A German woman, who joined ISIS in Iraq, has been jailed for 10 years for letting a five-year-old Yazidi girl die of thirst. It is the first conviction related to the terrorist group’s persecution of the religious minority.

A Munich court handed its verdict to Jennifer Wenisch on Monday. The 30-year-old faced several charges, including murder, murder as a war crime, membership of a terrorist organization, and violation of the German War Weapons Control Act.

The woman was facing the prospect of life in prison due to the severity of the accusations against her, but was ultimately sentenced to 10 years.

Prosecutors said that Wenisch and her husband – Islamic State (IS, formerly ISIS) militant Taha al-Jumailly – “purchased” a Yazidi woman and her five-year-old daughter during their stay in the terrorist stronghold of Mosul, Iraq back in 2015.

The pair used the captives as household “slaves.” But when the small child got sick and wet her mattress, al-Jumailly “chained her up outside as punishment and let the child die an agonizing death of thirst in the scorching heat.”

Wenisch was there when it all happened, but “allowed her husband to do so and did nothing to save the girl,” the prosecutors insisted in the charge.

Al-Jumailly has also been detained and is currently on trial in separate proceedings in the city of Frankfurt. His verdict is expected to be announced in November.

The mother of the later Yazidi girl, who is also in Germany, had testified on several occasions against both the IS man and his wife.

Wenisch said during the trial that she failed to protect the child because she was “afraid” that her husband would “push her or lock her up.”

Her defense questioned the credibility of the testimony by the girl’s mother, insisting that no proof that the child actually died had been presented. The lawyers were looking for Wenisch to get away with just a two-year suspended sentence for supporting a terrorist group.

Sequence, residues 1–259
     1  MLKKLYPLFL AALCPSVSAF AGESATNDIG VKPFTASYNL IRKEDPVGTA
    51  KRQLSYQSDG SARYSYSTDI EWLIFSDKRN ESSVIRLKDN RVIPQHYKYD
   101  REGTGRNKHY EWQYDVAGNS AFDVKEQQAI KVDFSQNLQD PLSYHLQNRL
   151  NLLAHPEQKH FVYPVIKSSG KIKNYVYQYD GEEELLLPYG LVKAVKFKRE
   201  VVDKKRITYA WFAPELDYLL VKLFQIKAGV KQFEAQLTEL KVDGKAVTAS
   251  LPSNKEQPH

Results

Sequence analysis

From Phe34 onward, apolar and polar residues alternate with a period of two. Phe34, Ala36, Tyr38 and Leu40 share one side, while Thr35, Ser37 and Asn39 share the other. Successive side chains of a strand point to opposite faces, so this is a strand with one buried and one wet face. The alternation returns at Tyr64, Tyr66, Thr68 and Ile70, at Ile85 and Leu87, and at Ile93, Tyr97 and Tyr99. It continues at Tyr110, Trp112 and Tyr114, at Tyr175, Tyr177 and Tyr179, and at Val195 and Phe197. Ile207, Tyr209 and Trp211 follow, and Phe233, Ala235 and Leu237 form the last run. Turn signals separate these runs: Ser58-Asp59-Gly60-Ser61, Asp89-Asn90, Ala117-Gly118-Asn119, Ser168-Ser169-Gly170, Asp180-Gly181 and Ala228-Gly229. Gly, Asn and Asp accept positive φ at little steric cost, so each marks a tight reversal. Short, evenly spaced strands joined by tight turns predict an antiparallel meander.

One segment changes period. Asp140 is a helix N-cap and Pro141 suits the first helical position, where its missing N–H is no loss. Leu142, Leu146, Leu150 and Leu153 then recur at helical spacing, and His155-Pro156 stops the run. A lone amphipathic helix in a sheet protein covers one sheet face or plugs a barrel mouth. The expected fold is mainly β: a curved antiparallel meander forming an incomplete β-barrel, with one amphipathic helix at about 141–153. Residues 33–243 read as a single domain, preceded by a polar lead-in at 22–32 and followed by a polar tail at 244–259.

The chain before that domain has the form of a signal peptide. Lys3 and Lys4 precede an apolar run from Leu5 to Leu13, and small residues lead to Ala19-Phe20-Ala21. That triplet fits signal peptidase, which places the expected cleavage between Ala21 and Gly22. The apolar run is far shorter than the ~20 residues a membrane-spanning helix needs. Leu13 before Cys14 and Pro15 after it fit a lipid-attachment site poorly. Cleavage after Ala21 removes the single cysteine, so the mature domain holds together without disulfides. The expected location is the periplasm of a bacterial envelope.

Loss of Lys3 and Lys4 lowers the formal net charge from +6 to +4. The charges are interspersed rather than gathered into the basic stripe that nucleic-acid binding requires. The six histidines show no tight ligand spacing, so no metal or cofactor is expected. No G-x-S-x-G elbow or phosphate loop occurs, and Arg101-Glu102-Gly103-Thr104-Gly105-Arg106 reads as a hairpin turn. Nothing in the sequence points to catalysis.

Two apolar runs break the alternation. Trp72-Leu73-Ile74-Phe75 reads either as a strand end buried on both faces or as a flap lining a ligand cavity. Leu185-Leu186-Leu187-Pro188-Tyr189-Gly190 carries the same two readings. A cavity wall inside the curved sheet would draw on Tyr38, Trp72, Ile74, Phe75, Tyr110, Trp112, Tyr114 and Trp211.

Wenisch reportedly converted to Islam in 2013 and traveled from Germany to Iraq two years later, taking a route through Turkey and Syria. While in Mosul, she allegedly became a member of Islamic State’s ‘hisbah’ morality police, patrolling the streets with an AK-47 and making sure the strict dress-code and ban on alcohol and smoking were observed by citizens.

In 2016, when the Iraqi government – backed by US forces – started a major offensive on Mosul, Wenisch tried to apply for a new ID in the German embassy in Ankara, but ended up being arrested right after leaving the mission and was later extradited to Germany.

The Yazidis are a Kurdish-speaking ethnic and religious minority living in northwest Iraq as well as parts of Syria, Turkey and Iran.

Islamic State radicals considered them heretics due to their beliefs, which combine several ancient Middle Eastern religions, and harshly persecuted the group.

The terrorists allegedly murdered thousands of Yazidi men, while abducting women and young girls. They were turned into slaves, with the children forcibly converted to Islam and forbidden from speaking Kurdish.

More than 6,400 Yazidi men, women, and children were kidnapped when IS overran Mosul in June 2014, with many of those still remaining in captivity, according to Hussein Qaidi, head of the Office for Yazidi Abductees Affairs.

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